Joshua Monk Vanwyck
- Program Year
- Country of Current Residence
- City/Town of Current Residence
- Current Position
- Climate Design Engineer
- Transsolar GmbH
- Science / Technology
- English, French, Spanish (advanced proficiency)
- Interest(s) / Expertise
- leadership development, sustainability, technology
Josh cares about tackling complex problems in the sustainable buildings and communities sector. He is committed to supporting poverty reduction through my work with Engineers Without Borders. He is also passionate about food, cooking and local production.
Joshua works to support small communities in identifying and implementing strategies for building an economically, socially, and environmentally sustainable future. Having grown up in rural Ontario, Josh saw first-hand the quiet decline in human capital and resources endemic in small communities. Trained as an engineer with extensive experience in community building and leadership development, Joshua aims to develop a web-based tool and service model to facilitate collaboration between the various professions and stakeholders involved in community development.
As a high school student at Pearson College, Josh lived as part of a community of students from 90 countries, where he gained an appreciation of the value of living in an international and intellectually diverse community. During that time, he spent one year volunteering in Ecuador and Costa Rica working on community development projects, participating in a movement of education for social transformation. Drawing on these experiences, he brings to his work – and everything he does – a passion for people and a deep-rooted belief for human capacity to grow, learn and change.
Believing that technology could help address the constraints on human and community development, Josh completed his BASc in Systems Design Engineering at the University of Waterloo as a Loran Scholar.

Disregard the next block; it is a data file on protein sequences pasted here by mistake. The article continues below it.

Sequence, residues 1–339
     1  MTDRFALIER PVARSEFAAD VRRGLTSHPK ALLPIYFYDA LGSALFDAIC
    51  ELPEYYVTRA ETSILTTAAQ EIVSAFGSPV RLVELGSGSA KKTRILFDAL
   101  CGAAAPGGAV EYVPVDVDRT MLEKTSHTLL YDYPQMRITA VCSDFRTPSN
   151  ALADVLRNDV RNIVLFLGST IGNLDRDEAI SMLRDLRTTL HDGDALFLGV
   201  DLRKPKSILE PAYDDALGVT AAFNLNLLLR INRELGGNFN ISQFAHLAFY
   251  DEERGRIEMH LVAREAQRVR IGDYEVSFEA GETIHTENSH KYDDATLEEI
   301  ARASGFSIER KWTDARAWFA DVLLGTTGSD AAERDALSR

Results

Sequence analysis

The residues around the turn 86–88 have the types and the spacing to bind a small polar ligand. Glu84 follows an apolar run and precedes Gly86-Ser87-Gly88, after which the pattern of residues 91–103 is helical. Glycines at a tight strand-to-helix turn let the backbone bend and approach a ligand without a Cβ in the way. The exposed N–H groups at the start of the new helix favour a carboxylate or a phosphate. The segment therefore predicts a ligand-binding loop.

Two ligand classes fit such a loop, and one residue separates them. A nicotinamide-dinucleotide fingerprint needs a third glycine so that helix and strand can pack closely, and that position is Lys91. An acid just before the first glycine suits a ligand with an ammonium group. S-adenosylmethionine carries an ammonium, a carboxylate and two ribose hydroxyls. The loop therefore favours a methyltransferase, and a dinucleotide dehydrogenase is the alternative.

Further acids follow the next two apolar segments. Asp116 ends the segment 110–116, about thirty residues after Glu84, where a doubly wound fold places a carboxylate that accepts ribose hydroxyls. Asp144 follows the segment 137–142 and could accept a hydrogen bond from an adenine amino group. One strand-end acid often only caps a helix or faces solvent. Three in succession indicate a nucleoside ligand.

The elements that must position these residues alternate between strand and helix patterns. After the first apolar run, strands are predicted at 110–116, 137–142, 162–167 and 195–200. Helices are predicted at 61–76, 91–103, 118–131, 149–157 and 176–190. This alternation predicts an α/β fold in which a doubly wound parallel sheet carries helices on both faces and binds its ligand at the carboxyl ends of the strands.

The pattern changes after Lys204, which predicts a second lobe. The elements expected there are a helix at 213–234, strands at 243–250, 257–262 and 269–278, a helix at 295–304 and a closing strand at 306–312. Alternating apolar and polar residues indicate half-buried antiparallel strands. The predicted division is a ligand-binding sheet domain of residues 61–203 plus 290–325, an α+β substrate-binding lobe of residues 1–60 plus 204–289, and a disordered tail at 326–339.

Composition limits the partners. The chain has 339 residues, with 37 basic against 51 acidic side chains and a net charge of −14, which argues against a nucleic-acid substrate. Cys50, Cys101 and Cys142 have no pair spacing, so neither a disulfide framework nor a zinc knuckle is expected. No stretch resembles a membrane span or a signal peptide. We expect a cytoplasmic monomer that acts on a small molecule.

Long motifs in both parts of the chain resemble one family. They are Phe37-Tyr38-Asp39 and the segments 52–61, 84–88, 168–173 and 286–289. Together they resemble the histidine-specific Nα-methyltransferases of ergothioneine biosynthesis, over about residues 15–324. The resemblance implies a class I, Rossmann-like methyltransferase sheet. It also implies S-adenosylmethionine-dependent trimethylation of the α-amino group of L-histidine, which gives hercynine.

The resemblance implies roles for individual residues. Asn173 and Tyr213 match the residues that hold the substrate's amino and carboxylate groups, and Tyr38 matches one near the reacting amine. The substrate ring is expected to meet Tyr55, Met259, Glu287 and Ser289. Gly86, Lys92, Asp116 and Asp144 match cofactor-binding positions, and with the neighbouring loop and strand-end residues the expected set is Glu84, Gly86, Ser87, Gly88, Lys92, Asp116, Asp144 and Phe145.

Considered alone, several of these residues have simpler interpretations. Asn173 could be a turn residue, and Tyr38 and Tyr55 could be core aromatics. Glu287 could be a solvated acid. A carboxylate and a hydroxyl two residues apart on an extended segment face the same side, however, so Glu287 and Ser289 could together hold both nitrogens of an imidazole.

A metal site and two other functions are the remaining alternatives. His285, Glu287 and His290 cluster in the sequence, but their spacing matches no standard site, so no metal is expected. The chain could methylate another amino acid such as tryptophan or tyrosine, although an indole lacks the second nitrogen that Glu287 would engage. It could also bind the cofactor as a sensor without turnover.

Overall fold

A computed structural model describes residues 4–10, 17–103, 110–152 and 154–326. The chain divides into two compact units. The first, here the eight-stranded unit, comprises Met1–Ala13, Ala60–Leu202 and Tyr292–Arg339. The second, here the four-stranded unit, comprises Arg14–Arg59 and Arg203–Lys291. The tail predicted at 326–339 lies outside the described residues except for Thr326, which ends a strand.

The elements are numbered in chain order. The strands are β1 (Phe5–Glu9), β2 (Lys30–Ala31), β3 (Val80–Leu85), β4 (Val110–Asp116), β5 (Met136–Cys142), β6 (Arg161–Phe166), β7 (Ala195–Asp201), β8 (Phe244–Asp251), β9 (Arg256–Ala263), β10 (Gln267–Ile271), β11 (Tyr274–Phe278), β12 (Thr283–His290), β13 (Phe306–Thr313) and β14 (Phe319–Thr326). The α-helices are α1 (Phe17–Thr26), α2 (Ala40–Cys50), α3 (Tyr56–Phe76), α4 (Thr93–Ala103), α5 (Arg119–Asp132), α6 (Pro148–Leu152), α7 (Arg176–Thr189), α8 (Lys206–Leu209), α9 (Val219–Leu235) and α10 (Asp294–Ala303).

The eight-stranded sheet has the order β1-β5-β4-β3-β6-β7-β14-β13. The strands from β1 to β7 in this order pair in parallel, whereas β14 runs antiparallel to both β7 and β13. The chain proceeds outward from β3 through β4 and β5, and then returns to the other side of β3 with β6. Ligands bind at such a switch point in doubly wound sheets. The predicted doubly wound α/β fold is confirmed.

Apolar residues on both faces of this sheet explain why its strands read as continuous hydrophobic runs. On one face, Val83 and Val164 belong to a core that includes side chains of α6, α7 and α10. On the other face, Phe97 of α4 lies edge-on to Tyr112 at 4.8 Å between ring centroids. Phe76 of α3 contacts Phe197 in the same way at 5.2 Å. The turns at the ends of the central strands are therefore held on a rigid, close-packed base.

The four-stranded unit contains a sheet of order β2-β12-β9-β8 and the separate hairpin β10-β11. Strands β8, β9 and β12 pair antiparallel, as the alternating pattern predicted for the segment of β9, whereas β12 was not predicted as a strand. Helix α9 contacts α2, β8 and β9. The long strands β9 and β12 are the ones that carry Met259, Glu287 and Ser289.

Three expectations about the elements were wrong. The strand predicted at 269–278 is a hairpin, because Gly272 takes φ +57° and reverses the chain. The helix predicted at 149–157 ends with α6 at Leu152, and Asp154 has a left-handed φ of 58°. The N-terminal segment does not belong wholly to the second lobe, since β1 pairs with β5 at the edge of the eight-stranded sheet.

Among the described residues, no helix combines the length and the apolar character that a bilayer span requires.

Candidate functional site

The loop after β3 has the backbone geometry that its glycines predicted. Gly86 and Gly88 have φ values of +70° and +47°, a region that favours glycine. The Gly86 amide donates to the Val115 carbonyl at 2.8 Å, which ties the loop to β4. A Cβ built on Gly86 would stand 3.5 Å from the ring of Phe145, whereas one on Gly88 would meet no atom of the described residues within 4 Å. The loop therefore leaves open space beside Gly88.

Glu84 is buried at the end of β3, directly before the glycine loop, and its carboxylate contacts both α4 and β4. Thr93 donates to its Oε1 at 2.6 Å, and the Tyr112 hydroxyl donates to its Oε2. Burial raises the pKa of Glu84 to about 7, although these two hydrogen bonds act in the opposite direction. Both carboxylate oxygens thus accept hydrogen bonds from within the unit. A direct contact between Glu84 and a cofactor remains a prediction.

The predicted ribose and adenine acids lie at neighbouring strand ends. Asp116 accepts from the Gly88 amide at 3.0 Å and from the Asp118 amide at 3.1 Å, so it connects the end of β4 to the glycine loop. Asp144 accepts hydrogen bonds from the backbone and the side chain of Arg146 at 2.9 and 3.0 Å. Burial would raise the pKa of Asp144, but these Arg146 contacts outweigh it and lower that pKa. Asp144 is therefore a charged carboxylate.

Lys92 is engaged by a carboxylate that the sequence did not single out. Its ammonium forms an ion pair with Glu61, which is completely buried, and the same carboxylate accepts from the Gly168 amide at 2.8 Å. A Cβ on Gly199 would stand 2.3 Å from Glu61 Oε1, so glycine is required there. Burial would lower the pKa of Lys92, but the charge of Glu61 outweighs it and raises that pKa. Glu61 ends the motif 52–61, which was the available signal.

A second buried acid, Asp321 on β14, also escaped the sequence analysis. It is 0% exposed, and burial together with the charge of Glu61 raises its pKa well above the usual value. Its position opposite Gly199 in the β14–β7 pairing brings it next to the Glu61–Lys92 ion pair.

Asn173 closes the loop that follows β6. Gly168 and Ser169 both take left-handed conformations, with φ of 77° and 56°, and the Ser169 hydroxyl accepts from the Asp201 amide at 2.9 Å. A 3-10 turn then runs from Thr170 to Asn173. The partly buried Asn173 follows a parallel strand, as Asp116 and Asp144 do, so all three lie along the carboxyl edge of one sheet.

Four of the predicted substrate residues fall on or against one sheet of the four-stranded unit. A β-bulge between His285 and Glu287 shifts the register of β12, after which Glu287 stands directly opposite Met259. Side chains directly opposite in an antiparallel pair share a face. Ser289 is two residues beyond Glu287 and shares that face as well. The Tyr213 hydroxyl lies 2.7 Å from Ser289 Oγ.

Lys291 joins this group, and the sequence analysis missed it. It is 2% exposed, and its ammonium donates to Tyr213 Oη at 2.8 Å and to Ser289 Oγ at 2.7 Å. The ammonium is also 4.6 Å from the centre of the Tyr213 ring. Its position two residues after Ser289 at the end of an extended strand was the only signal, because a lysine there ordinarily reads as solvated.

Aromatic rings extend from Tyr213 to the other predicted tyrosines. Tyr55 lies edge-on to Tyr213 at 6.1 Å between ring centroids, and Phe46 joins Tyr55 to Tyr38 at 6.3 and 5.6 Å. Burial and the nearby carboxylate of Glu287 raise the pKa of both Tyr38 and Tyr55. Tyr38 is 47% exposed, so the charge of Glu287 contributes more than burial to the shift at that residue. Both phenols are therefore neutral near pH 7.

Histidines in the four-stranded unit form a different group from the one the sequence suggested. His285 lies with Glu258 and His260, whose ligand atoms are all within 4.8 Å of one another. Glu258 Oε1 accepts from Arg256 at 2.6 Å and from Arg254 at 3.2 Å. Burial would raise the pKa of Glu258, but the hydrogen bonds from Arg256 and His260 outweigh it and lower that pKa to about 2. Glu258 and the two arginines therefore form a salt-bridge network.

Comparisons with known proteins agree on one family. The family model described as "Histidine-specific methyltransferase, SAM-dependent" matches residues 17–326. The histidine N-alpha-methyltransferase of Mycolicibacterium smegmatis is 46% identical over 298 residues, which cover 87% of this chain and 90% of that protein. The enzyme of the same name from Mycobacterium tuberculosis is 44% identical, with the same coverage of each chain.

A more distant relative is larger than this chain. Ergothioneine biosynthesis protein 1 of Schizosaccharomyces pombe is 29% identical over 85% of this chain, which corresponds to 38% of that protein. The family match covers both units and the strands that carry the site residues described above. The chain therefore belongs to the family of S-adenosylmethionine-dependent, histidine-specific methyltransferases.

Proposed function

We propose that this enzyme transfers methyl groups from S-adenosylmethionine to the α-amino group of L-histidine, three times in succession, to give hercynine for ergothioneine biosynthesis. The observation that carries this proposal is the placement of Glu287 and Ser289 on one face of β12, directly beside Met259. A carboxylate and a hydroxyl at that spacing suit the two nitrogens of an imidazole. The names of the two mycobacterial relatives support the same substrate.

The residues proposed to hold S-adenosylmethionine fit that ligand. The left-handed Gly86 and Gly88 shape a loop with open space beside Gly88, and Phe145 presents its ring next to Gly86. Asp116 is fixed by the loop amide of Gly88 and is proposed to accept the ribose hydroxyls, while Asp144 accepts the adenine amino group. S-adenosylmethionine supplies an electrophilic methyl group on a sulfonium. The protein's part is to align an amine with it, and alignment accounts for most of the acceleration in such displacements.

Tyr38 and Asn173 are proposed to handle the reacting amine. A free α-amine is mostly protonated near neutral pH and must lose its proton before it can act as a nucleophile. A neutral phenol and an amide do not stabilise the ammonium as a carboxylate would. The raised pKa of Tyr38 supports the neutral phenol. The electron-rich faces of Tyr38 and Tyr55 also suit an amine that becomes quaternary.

Working both as volunteer and then fulltime staff member at Engineers Without Borders for seven years, Joshua advanced the leadership potential and abilities of young Canadian engineers to be agents for a world without poverty. Through his travels and work, it became clear to him that the motivation for people to create change strongly correlated with their connection to their community, including its physical structures.
This led Joshua to begin exploring green buildings and sustainable community development. Joshua lived on British Columbia’s Cortes Island, working with Archemy Consulting, an environmental consulting company specialized in green buildings and green urban planning. There, he helped design Whistler Green, a green building guideline for Whistler, BC, as well as a green community standard for Shanghai, China.
Joshua worked in Germany in 2011 with Transsolar Climate Engineering, a global leader in green building design,. There,he focused on worldwide water reuse strategies and climate responsive community and building design.
Joshua’s fascination with new cultures and ways of life has encouraged him to live in many different countries to work and study. He is also a food lover who adores cooking in company, and in his free time enjoys reading, hiking and singing in choirs. Joshua also sits on the Board of Directors of Engineers Without Borders and on the Advisory Board of the Canadian Fair Trade Network.
Joshua focused on supporting small communities in moving towards sustainability. He worked with a community in Northern Ontario on developing a vision for a resilient town. He also coordinated a series of video case studies in small communities with mayors, councillors and citizens to share their experiences with sustainability initiatives. As part of a small team, he is also working to create a Centre for Rural Sustainability in an old hatchery in the Laurentians.
In May 2015, Joshua was awarded an Alumni Collaboration Fund grant (alongside his project partner, Sauvé Fellow Stéphanie Jensen-Cormier) to help fund the construction of a sustainably designed courtyard home in Gucheng village, China, that will be used as a model for alternative building practices and systems. To know more about this project, click here.